How to Respond to a Guilt Trip?

Once exposed to a guilt trip, we will likely do the best we can to ensure that the feelings of guilt get eliminated. Often that means doing what the other person wants us to do despite how we feel about it. 

Sadly, this leaves us feeling terrible as we would have been put in a position where we had to do something just to please the next person. 

These are some steps you can consider to effectively deal with your next guilt trip. 

Engage in an empathetic conversation

Speak to them in a manner that shows that you understand their request. Try to put yourself in their shoes so that you see why they want things done in a particular way. Once you have the conversation from their perspective, they will feel heard and validated. This validation will reduce the feelings of anger and resentment that might have built up.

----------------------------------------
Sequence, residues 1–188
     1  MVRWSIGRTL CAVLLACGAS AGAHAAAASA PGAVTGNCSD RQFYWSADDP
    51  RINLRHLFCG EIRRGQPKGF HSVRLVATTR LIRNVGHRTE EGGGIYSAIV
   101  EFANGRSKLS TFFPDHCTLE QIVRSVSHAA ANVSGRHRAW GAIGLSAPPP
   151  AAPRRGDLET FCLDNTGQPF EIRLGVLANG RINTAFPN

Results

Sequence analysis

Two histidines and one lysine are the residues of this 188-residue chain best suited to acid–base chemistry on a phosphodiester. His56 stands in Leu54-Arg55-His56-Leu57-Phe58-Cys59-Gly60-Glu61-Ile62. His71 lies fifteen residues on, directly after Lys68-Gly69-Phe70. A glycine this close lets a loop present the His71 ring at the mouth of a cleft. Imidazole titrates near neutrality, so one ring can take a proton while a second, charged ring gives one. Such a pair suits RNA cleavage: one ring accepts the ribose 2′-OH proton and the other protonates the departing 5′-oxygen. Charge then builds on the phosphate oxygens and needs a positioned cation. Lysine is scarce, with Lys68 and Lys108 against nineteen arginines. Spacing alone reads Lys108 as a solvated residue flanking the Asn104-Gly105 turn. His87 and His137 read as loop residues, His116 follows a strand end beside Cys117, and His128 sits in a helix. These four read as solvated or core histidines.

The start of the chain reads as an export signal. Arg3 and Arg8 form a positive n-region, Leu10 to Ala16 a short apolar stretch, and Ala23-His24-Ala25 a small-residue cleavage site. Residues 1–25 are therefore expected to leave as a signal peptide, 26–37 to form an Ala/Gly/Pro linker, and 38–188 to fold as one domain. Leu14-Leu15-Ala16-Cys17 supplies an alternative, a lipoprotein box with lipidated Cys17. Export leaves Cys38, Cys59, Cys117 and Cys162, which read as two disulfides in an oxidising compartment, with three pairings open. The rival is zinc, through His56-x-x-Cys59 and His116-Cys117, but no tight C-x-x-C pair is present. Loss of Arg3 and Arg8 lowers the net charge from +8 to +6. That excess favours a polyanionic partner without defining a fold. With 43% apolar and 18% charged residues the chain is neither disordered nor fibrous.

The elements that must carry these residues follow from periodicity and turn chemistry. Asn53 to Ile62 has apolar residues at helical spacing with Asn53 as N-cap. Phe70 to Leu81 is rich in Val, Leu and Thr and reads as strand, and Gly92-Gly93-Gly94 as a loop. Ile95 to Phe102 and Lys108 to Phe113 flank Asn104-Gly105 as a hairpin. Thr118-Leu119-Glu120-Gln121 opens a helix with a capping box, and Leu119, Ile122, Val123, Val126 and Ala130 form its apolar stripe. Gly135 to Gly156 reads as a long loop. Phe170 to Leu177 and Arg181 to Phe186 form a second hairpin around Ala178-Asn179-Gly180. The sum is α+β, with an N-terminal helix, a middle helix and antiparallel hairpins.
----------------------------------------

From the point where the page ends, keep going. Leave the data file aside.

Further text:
Once you have the conversation going, ensure that you figure out the roots of the guilt tripping behavior. From then, both of you can work out the best solution possible. Ensure that everyone feels validated before you move on to come up with new solutions. 

Learn how to say no and not feel guilty

Often, we tend to feel guilty for saying no to someone. We beat ourselves up because the other person is now disappointed or hurt by us saying no. Eventually, this guilt sometimes results in us doing what we didn’t intend on doing in the first place. Learning to say no and not feel guilty about it is an important skill that we should all learn and implement.